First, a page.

The Research Development Office (RDO) within the Office of the Vice President has selected 17 faculty to receive 2023 OVPR Early Career Scholars Awards.
The OVPR Early Career Scholars program aims to help tenure-track assistant professors develop a competitive proposal and secure an externally funded award. In addition to up to $30,000 in funding, the RDO provides recipients individual grantsmanship consulting and support to visit program officers. Each college identifies prospective candidates through a competitive, peer-reviewed process and submits their recommended candidates to OVPR for final consideration.
“We are committed to helping early career scholars in every discipline succeed,” said RDO director Aaron Kline. “By providing seed funding, coaching, and ongoing support, we aim to both enrich the university’s research portfolio and help new faculty members advance their scholarship, and with it, their professions.”
Oluwafemi Adeagbo, assistant professor, community and behavioral health, College of Public Health, “Identifying the Barriers to Black/African American Men Who Have Sex with other Men’s Engagement with HIV Prevention Services in Iowa”
Adeagbo will seek to identify the barriers that prevent Black men who have sex with other men from accessing preventative medications, called pre-exposure prophylaxis (PrEP), for HIV. Despite being significantly more likely to be diagnosed with HIV, non-Hispanic Black or African American men who have sex with other men showed disproportionately low participation in the state’s telehealth-based PrEP program. Adeagbo will conduct interviews with patients and healthcare providers in three counties (Black Hawk, Johnson, and Linn), in hopes identifying solutions to increase PrEP uptake among this group.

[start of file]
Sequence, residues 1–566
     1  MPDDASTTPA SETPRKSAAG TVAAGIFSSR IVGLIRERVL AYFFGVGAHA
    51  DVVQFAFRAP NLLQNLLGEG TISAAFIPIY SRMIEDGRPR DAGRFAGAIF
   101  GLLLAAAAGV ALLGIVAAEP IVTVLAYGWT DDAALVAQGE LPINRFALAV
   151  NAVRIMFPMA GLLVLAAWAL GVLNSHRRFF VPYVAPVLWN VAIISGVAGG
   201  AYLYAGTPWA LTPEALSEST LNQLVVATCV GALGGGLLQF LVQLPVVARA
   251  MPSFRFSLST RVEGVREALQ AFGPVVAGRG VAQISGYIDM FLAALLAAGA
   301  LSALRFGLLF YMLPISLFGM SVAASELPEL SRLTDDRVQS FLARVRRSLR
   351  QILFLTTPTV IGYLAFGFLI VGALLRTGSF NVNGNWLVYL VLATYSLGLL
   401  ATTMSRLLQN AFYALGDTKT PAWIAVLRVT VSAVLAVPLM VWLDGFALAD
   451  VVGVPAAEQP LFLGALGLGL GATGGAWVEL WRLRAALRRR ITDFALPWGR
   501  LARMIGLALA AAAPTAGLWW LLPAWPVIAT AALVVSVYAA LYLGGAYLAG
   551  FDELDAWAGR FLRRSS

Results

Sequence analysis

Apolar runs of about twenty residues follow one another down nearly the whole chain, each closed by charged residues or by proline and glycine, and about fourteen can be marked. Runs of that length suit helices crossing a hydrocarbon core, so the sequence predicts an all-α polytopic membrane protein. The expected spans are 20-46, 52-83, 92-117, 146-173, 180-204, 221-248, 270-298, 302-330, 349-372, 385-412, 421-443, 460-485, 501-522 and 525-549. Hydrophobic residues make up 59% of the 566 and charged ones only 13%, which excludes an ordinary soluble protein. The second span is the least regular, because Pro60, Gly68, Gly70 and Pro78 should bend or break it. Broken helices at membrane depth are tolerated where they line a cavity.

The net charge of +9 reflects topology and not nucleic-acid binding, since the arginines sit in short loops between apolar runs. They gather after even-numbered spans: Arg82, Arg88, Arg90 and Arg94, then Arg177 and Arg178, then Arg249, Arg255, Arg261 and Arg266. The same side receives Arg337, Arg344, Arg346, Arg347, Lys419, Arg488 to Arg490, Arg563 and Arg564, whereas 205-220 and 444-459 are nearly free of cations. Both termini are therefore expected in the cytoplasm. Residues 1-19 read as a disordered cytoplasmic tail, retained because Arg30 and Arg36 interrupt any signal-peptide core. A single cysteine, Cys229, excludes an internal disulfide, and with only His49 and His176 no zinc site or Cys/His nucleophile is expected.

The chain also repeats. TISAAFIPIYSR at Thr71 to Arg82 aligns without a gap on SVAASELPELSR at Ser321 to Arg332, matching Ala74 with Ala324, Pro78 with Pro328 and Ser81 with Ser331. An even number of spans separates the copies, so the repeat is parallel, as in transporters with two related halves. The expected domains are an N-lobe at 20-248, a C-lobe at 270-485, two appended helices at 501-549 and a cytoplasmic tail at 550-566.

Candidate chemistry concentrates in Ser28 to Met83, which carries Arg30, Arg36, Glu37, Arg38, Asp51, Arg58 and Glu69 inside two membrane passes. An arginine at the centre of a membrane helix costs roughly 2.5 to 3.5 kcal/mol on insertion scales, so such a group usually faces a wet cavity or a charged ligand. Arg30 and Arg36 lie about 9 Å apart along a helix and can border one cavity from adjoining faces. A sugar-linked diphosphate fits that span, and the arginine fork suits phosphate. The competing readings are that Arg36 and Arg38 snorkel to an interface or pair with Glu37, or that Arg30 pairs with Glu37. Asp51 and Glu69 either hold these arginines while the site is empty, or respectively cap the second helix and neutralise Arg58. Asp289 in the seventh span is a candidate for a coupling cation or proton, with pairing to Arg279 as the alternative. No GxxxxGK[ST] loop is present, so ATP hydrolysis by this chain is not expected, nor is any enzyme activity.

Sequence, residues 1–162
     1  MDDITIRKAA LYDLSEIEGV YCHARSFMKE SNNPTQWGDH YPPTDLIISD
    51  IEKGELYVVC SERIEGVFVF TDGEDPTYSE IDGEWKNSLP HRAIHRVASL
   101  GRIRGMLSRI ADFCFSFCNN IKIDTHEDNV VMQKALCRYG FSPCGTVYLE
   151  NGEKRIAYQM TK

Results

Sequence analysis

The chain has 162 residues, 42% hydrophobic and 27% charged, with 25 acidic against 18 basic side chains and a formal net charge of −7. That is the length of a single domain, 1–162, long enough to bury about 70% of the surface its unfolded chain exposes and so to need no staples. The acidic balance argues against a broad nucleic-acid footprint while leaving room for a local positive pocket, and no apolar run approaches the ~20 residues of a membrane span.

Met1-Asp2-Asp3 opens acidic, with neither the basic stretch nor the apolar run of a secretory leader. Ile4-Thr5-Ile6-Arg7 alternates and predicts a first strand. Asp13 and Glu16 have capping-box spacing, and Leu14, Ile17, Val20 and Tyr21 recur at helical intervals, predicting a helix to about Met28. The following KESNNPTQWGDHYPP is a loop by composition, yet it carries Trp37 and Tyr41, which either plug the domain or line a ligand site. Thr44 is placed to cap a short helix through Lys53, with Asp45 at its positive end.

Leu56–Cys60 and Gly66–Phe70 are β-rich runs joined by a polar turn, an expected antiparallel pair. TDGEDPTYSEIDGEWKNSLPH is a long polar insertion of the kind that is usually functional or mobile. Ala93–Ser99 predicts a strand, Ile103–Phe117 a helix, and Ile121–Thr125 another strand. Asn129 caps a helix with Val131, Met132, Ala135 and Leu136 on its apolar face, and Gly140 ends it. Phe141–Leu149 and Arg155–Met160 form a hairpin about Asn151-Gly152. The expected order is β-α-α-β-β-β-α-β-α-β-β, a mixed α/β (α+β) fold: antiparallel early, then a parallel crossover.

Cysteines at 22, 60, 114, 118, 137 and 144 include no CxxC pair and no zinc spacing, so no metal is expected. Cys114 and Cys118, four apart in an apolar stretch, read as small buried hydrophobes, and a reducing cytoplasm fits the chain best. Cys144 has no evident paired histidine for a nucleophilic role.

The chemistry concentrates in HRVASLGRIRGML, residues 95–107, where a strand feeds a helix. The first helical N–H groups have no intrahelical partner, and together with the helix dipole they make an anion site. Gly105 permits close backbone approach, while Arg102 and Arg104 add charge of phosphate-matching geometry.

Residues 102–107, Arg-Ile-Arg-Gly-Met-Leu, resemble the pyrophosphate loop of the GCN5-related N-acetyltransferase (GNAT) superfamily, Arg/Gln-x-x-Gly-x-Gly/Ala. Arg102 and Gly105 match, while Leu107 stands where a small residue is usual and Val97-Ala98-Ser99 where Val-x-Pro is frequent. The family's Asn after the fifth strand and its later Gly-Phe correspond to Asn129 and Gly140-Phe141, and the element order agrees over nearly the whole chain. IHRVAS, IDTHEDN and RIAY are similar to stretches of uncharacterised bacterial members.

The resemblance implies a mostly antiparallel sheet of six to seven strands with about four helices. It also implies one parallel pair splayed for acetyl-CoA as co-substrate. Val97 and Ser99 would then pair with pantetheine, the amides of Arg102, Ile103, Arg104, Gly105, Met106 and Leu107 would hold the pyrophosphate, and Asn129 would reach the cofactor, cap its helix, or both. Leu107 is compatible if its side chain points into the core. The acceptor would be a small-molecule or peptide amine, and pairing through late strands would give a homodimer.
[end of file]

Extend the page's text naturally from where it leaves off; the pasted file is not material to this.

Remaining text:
Beste Basciftci, assistant professor, business analytics, Tippie College of Business, “Risk-Averse Predictive Optimization for Resilient and Sustainable Energy Systems”
Integration of renewable energy and storage technologies into the power grid is critical for achieving climate goals and ensuring the balance between electricity supply and demand. Basciftci will develop prediction and optimization models to address various uncertainties stemming from this integration within a risk-averse framework. Basciftci’s models would help optimize maintenance and operations of renewable power facilities, while reducing the risk of blackouts, which could make renewable energy a more viable option for generating electricity.
Robert Bowers, assistant professor, family dentistry, College of Dentistry, “A Novel Use of the Periodontal Ligament Injection for Delivery of Extended-Release Therapeutics”